Censorship: What Is It?

[…] The Andrei Sakharov Museum in Moscow had a show titled Caution! Religion in 2003, which included This is my blood by Alexander Kosolapov. The artwork looked like a Coca Cola advertisement with Jesus Christ on it and the words “This is my blood” in English. Another piece related to it showed Jesus on a McDonald’s advertisement that said “This is my body.” Paired together they are a Biblical reference to Jesus using wine and bread as metaphorical references to himself, in what is known in Christianity as the first communion.

The show was only open for four days when vandals associated with the Russian Orthodox church damaged or destroyed many of the art pieces in the exhibit.

The museum was taken to court for violating Article 282 of the Russian Criminal Code, which prohibits inciting ethnic and religious hatred. The case included museum director Yuri Samodurov, curator Lyudmila Vasilovskaya, and artist Anna Mikhalchuk.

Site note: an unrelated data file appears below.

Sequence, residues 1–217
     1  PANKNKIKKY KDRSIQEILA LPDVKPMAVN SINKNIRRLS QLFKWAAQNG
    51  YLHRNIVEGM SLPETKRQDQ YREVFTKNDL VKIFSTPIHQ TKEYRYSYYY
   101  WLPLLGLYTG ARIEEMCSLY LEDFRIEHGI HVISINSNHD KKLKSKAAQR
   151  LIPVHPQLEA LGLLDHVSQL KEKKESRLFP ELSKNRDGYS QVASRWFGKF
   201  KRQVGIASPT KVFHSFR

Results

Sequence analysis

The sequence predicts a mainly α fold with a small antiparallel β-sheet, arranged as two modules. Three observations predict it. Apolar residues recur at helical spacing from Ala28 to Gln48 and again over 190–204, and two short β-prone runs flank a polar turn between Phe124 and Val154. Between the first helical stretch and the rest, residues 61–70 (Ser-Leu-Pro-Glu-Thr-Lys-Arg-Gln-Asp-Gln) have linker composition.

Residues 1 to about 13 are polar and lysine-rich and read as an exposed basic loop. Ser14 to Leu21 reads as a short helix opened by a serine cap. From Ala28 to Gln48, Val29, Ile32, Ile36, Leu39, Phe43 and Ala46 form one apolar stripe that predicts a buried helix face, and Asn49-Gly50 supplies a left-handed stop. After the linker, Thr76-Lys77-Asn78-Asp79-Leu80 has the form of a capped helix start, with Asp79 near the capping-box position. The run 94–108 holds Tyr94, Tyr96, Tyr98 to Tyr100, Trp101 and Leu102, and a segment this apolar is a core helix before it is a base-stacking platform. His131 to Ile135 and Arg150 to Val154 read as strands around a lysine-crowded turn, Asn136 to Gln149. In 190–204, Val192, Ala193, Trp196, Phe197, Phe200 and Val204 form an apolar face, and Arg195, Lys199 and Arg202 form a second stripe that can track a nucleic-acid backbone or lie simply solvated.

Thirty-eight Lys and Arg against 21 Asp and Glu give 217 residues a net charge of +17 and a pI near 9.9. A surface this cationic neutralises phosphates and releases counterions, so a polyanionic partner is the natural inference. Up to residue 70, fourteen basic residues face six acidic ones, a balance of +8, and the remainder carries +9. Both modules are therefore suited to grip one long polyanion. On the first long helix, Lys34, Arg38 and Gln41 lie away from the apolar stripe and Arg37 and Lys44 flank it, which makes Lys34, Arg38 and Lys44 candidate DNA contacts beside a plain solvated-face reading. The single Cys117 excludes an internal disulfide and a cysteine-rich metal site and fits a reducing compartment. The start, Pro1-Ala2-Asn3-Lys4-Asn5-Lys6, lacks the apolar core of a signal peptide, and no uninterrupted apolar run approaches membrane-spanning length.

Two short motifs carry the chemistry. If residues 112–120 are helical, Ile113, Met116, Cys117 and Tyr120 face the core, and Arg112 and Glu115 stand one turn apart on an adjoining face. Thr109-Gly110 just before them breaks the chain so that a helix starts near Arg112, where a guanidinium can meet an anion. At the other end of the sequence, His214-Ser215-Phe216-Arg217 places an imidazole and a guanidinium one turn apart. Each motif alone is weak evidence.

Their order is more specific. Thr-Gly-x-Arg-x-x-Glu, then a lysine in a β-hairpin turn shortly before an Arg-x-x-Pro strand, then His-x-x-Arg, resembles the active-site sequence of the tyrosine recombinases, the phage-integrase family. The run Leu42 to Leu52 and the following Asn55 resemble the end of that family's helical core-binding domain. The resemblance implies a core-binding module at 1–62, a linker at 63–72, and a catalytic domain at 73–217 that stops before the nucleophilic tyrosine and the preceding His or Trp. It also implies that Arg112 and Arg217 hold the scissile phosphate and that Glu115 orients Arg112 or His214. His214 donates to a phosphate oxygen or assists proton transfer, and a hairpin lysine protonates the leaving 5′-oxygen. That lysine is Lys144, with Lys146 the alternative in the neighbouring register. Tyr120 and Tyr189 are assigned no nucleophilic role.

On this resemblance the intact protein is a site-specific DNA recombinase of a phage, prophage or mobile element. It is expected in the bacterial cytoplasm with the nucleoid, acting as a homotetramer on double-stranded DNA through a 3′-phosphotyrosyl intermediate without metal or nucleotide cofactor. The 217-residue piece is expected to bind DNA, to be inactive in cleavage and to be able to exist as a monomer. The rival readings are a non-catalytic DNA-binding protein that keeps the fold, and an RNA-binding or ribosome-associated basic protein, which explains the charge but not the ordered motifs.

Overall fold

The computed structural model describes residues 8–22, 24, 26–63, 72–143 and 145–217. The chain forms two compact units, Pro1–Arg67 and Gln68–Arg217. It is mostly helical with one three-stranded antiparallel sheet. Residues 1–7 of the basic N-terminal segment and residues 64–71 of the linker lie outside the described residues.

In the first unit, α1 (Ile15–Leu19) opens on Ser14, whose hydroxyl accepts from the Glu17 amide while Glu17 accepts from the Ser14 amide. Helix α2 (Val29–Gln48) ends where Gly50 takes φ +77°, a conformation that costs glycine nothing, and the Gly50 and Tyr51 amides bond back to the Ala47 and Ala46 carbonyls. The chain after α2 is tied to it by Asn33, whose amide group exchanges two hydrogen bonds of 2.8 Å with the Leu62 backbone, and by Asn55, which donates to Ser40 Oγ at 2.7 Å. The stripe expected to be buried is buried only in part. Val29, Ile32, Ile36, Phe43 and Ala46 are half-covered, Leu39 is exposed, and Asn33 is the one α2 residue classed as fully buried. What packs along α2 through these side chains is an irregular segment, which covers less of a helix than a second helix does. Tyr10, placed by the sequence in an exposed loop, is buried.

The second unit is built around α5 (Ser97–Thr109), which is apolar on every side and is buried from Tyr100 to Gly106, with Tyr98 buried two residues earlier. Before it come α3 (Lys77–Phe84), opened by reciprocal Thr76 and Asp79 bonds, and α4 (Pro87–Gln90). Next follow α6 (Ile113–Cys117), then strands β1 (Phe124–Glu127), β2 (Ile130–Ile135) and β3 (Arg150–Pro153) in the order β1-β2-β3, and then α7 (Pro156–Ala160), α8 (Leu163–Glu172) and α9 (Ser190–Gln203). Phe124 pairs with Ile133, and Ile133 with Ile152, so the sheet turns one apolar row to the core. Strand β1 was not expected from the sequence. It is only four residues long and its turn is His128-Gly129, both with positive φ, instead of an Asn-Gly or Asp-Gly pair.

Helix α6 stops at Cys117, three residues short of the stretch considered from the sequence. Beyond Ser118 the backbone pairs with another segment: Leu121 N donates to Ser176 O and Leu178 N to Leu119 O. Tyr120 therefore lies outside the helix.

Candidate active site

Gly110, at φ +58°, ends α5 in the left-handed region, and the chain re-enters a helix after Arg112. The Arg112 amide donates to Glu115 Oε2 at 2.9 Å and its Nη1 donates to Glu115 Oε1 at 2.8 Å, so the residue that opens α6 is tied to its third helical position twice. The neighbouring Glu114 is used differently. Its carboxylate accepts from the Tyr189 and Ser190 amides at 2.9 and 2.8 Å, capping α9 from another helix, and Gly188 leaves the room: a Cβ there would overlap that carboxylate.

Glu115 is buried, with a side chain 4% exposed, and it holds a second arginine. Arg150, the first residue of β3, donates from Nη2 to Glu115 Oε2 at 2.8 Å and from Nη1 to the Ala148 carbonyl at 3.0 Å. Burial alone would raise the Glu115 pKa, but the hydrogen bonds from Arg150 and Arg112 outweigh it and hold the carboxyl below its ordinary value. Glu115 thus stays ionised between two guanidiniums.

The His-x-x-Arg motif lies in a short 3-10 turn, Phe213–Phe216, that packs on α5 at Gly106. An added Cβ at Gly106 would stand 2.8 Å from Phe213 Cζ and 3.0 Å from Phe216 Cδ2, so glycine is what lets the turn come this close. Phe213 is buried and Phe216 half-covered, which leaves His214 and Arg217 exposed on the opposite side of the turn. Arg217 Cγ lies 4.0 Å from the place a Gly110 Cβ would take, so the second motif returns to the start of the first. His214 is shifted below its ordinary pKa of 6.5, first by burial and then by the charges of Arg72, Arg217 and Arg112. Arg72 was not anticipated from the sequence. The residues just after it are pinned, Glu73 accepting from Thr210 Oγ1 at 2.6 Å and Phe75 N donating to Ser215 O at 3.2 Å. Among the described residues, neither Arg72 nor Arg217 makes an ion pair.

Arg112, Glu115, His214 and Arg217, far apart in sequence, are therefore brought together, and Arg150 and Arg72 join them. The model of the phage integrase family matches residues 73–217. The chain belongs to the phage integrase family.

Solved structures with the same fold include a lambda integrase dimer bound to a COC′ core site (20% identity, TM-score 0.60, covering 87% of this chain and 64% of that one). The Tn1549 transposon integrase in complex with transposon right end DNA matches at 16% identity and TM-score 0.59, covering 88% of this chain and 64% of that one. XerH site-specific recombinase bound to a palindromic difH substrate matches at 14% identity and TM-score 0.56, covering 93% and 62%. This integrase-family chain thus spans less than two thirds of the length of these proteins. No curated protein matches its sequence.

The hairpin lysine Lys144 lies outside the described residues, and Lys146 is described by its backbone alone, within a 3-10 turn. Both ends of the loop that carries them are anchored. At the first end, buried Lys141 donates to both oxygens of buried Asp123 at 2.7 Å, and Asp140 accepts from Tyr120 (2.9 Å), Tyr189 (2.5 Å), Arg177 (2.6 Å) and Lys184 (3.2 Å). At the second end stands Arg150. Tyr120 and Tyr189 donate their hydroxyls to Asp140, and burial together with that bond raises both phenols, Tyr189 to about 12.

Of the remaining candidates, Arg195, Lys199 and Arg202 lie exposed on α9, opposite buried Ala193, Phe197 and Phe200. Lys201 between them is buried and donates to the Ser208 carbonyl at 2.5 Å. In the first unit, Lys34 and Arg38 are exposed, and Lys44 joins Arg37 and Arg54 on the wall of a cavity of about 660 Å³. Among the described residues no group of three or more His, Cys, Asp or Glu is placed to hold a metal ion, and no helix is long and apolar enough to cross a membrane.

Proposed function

The court ruled that the exhibition was “openly insulting and blasphemous” to the Russian Orthodox Church. The court convicted Samodurov and Vasilovskaya of inciting religious hatred through the exhibit and fined them about $3,600 each. Charges were dropped against Mikhalchuk. Despite requests by prosecutors to destroy the artwork, the court ordered it returned to the artists. Samodurov tried to appeal the ruling before the European Court of Human Rights.

A year after the trial, Samodurov and the Sakharov Museum came under fire again for another exhibit with religious themes. In July 2010, Samodurov and guest curator Andrei Yerofeyev were convicted and fined under the same Russian code. […]

Source: mccormickfoundation.org